- Working with Emotional Intelligence The book “Working with Emotional Intelligence” by Daniel Goleman deals with the emotional assets and liabilities of individuals in organizations. Emotional intelligence is traits that go beyond academic achievement or IQ. As a matter of fact he points out that high academic intelligence can sometimes stand in the way of emotional intelligence. Broadly speaking, emotional intelligence determines how well we handle difficult situation, which cannot be solved by logic, but more by a “feel” for the situation.... [tags: Daniel Goleman Emotional Intelligence Essays]
1370 words (3.9 pages)
- Emotional Intelligence differs from traditional conceptions of intelligence in that emotional intelligence allows us to reason with emotions and enhance our thinking and problem solving. Whereas intelligence is ones intellectual capacity and ability to process and sort through different information. Emotional intelligence involves accurately perceiving emotions in self and/or others, using emotions to assist thinking, understanding emotions and their meaning, and the managing of emotions. (Mayer, Caruso, & Salovey, 2000).... [tags: Emotional intelligence, Emotion, Intelligence]
1230 words (3.5 pages)
- Introduction Emotional Intelligence (EQ) remains a widely debated topic despite its growing importance and the positive impact it has had in the workplace (Goleman, 2014; Ugoani, Amu & Kalu 2015). Yet many scholars continue to discount its validity relying solely upon research methodologies and data analysis as a basis for decision-making as opposed to utilizing, and even combining the emotional aspect of intelligence into work life where it is often needed. Research has shown having a high IQ is a predictor of job success.... [tags: Emotional intelligence, Emotion]
1301 words (3.7 pages)
- Daniel Goleman (Big Think, 2012) refers to “emotional intelligence (EI) as how well we handle ourselves in our relationships” and is comprised of four dimensions: Self-Awareness, Self-Management, Social-Awareness, and Relationship Management. Scientifically-based assessment tools like the Multifactor Emotional Intelligence Scale (MEIS) have been developed to measure an individual’s EI areas of strength and weakness. The following paper will analyze and discuss the results of my Maetrix MEIS Self-Assessment, how emotional intelligence impacts my self-leadership abilities and strategies that I plan on using to develop into a more efficient leader.... [tags: Emotion, Emotional intelligence]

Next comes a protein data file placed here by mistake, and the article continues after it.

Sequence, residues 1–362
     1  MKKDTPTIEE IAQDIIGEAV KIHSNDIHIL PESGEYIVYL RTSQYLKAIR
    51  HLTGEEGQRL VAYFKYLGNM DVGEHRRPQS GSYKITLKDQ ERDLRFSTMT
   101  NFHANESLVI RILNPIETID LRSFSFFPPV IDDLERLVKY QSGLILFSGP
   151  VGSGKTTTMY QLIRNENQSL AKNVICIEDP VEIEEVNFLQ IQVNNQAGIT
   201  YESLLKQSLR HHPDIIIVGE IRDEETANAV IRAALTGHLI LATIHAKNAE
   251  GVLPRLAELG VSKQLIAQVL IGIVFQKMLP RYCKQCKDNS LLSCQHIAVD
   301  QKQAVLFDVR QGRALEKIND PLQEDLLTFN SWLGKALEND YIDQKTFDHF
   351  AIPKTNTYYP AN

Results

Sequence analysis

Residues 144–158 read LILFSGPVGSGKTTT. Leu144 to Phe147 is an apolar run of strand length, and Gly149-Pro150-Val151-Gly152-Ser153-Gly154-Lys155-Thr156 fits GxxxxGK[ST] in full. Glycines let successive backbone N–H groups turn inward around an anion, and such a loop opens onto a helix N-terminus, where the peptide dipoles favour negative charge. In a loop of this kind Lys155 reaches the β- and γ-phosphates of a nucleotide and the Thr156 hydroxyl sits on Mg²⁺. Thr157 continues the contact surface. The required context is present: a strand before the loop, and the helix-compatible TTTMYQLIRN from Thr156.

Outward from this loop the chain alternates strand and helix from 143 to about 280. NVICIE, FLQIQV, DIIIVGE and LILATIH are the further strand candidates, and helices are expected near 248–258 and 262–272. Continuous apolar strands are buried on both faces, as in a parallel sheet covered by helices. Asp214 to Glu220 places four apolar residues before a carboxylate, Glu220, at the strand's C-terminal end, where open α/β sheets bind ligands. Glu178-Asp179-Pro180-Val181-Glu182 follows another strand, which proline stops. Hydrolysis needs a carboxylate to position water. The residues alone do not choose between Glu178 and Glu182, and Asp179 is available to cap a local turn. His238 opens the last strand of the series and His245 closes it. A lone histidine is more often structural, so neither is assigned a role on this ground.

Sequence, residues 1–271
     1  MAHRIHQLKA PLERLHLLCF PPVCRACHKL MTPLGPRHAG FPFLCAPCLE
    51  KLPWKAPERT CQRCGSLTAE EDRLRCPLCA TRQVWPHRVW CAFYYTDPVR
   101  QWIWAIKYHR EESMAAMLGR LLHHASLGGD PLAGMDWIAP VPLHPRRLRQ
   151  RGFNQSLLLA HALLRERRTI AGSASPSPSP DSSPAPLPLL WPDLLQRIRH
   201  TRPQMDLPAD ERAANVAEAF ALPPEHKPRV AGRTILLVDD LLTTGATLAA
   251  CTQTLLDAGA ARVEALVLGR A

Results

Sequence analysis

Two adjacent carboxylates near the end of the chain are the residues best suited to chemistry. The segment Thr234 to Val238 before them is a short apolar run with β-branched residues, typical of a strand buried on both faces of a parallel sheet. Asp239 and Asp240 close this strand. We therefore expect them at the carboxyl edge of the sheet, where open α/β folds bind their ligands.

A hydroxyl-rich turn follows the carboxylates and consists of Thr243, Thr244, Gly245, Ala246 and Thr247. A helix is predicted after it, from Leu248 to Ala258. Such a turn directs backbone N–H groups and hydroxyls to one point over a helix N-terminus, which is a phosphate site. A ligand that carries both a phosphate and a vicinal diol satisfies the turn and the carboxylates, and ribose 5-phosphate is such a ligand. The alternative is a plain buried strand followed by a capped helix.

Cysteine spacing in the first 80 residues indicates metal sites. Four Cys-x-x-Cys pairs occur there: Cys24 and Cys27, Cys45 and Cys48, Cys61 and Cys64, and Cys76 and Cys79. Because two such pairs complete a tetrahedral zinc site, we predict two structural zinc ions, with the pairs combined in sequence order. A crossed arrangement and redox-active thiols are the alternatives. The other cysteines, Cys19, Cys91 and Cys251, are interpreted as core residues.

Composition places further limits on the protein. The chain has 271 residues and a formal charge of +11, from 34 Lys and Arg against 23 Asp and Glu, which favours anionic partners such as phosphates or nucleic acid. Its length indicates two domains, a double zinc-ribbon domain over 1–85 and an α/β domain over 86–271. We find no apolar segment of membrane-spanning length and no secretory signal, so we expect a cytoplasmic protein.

1345 words (3.8 pages)
- Understanding how to make good use of social skills and managing emotions are the first conditions to all employee who need to interact with customers in their jobs; for instance, hospitality industry, but also to everyone interacts with others in daily life. However, people start interacting and communicating with each other by using their electronic devices and create a phenomenon of social corrosion due to the development of technology. Nevertheless, the essay will discuss what benefits of having a highly skilled of social intelligence and emotional intelligence in individual and the organization of the hospitality industry.... [tags: Emotion, Emotional intelligence, Psychology]
1448 words (4.1 pages)
- Cognitive intelligence (IQ) and Emotional Intelligence (EQ) are both two differentiating types of intelligence that can both be used to enhance one’s overall intelligence level. IQ, or intelligence quotient, is a number derived from a standardized intelligence test and EQ, or emotional quotient, is a measure of a person 's level of emotional intelligence (Cherry, 2015). Originally, IQ tests were calculated and found by dividing one’s mental age by his or her chronological age and then multiplying by 100.... [tags: Intelligence quotient, Emotional intelligence]
829 words (2.4 pages)
- 1. Lauren Armstrong 2. Marketing 103 sec. 770 3. 01-15-15 4. Emotional Intelligence Summary 5. Actual word count for this assignment 6. I am highly motivated, and I am committed to excellence. The belief that intellectual intelligence being the most important trait in the workplace, or more so a manager, is starting to dwindle with the realization that emotional intelligence is a more lasting productive trait to possess. In Kathy Simmons article, she shed light on the fact that experience, education and seemingly impeccable personality traits are not necessarily the recipe for success.... [tags: Emotional intelligence, Emotion, Empathy]
721 words (2.1 pages)